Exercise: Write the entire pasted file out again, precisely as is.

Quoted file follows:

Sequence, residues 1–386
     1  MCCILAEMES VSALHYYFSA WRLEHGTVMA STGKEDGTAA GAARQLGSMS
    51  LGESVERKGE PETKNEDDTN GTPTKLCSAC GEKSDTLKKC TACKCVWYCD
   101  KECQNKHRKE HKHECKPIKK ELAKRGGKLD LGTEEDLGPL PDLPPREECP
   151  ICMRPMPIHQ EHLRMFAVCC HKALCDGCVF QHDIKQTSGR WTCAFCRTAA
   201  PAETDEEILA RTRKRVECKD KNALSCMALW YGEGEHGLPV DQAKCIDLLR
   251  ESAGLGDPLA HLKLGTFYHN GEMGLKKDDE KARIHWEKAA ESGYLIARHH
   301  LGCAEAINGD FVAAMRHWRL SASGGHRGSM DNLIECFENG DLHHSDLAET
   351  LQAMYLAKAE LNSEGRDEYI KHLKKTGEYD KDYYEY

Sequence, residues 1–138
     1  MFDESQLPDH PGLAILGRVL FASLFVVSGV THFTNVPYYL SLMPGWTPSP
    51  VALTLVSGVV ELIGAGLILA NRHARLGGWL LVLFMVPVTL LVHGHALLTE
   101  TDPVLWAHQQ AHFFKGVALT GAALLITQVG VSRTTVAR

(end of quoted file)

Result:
Sequence, residues 1–386
     1  MCCILAEMES VSALHYYFSA WRLEHGTVMA STGKEDGTAA GAARQLGSMS
    51  LGESVERKGE PETKNEDDTN GTPTKLCSAC GEKSDTLKKC TACKCVWYCD
   101  KECQNKHRKE HKHECKPIKK ELAKRGGKLD LGTEEDLGPL PDLPPREECP
   151  ICMRPMPIHQ EHLRMFAVCC HKALCDGCVF QHDIKQTSGR WTCAFCRTAA
   201  PAETDEEILA RTRKRVECKD KNALSCMALW YGEGEHGLPV DQAKCIDLLR
   251  ESAGLGDPLA HLKLGTFYHN GEMGLKKDDE KARIHWEKAA ESGYLIARHH
   301  LGCAEAINGD FVAAMRHWRL SASGGHRGSM DNLIECFENG DLHHSDLAET
   351  LQAMYLAKAE LNSEGRDEYI KHLKKTGEYD KDYYEY

Sequence, residues 1–138
     1  MFDESQLPDH PGLAILGRVL FASLFVVSGV THFTNVPYYL SLMPGWTPSP
    51  VALTLVSGVV ELIGAGLILA NRHARLGGWL LVLFMVPVTL LVHGHALLTE
   101  TDPVLWAHQQ AHFFKGVALT GAALLITQVG VSRTTVAR